Going the back lanes from Whixall was flippin' hilly through the Wyches, to the extent that in recent years I went via the A41 - about 2 miles further but much easier. I could just squeak that on a tender of water, whilst I always had to stop to refill going the shorter hilly way.



    With one exception, I've exclusively single-manned out on the road with my Aveling roller for the last 9 years. :)

    (Just about to soak the oil and coal dust off in the bath from roading up to Onslow this afternoon - hence why I know the Cadbury's S4 is already onsite ;) I understand a number of Waggons are going up the Horseshoe Pass tomorrow for the hell of it :) ).
     
  9. The Green Howards

    The Green Howards Well-Known Member

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    Well, thank you all for your replies - fascinating stuff! I caught up with the Cadbury's S4 on my way home and they do seem to have a good turn of speed to them; what strikes me is that they look quite 'modern', or at least, modernistic for their era.
     
  10. RalphW

    RalphW Nat Pres stalwart Staff Member Administrator Friend

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    The run up to the Ponderosa cafe at the top of the Horseshoe is now a regular thing for those attending the Shrewsbury meet.
     
  11. The Green Howards

    The Green Howards Well-Known Member

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    I'm looking forward to getting my photos developed now as I snapped most of the Sentinels there; the camera's an unknown quantity though - a Nikon F60 bought for a fiver!
     
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  12. Johnb

    Johnb Part of the furniture

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    Interesting to hear of someone still using film, I've just sold all my Olympus OM gear having not used it for some time. I think the F60 was Nikon's cheapest SLR and only made from 1998 to 2001, with a standard lens they are about £25 now so you got a bargain and being Nikon it should be durable.
     
  13. The Green Howards

    The Green Howards Well-Known Member

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    I bought it because my usual choice in film cameras is Pentax (and indeed, my DSLR is a Pentax) and I wanted to compare it with a Pentax MZ-50 I bought - also for a fiver! - at the same time. Neither came with lenses though. The MZ-50 has been to those nice people in Brentford for a full overhaul and calibration.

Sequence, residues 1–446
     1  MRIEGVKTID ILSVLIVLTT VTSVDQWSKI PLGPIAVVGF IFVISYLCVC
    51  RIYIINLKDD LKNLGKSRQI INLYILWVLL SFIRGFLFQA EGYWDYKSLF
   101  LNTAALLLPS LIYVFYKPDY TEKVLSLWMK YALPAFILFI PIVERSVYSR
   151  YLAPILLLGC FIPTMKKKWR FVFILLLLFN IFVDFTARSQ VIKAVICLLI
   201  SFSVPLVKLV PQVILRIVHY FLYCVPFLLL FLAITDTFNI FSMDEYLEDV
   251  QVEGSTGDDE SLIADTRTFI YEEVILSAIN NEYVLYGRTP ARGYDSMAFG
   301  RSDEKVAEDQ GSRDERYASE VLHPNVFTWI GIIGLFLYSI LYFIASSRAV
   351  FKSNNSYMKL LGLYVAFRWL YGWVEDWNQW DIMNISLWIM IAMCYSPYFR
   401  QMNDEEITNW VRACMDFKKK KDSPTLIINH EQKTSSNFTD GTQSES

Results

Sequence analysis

There are a number of film cameras here: a Pentax ME Super, a P30T and an Olympus mju-II 115 bought as a "going abroad" camera, which I haven't used for something like 15 years. I should give it a whirl again :)

    Oh, and mustn't forget my Zenit E!

    Now, what about a Pentax 645...
     
  14. I. Cooper

    I. Cooper Member

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    Unlike last year, where the run was an organised event starting from the Sentinel Works, this years was an informal affair.
    What happens next year remains to be seen, although Richard with the DG6 has already stated a desire to do it again! :)

    After hitching a lift with a DG4 last year, this time I took up the invite for a day out with a Foden on Saturday...
    [​IMG]

    ...as nice as it was, I have to say my heart still lies with the Sentinels:
    [​IMG]
     
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  15. Jack Enright

    Jack Enright New Member

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    Fascinating stuff! My dad told me that his dad drove the first steam waggon bought by Limerick City Council; apparently, before becoming a horse driver for the Council, grandad had worked for a spell on the railways (I don't know what he did), and was the only bloke on the council who had any first-hand experience with steam engines - or engines of any sort, come to that.

    I don't know what type of waggon it was, though - neither the make nor the purpose. I know my grandad drove a council dustcart, but I don't know at what point he was doing that job. I wouldn't have thought the Council would buy a steam lorry in the very early days, and use it for such a mucky job as that. Considering how poverty-stricken that part of Ireland was in the 1920s - so labour was dirt cheap - buying the waggon must have made a big hole in their budget.
     
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  16. pmh_74

    pmh_74 Active Member

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    Apologies for going off-topic, who are these "people in Brentford"? (I'd like to get my Pentax SLR fixed properly by someone who knows what they're doing... still used for slide film occasionally!)
     
  17. The Green Howards

    The Green Howards Well-Known Member

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    http://www.asahiphoto.co.uk/
     
  18. pmh_74

    pmh_74 Active Member

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    Thanks, much obliged. Not sure when I'll get around to it, I only do slide film on foreign trips & none planned currently. There is something rather nice about it though.
     
  19. The Green Howards

    The Green Howards Well-Known Member

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    Well, a sad follow up to this. I had the film processed and it was completely blank: not even the frame numbers were present, which I found odd. :(
     
  20. Johnb

    Johnb Part of the furniture

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    Sounds like a serious light leak somewhere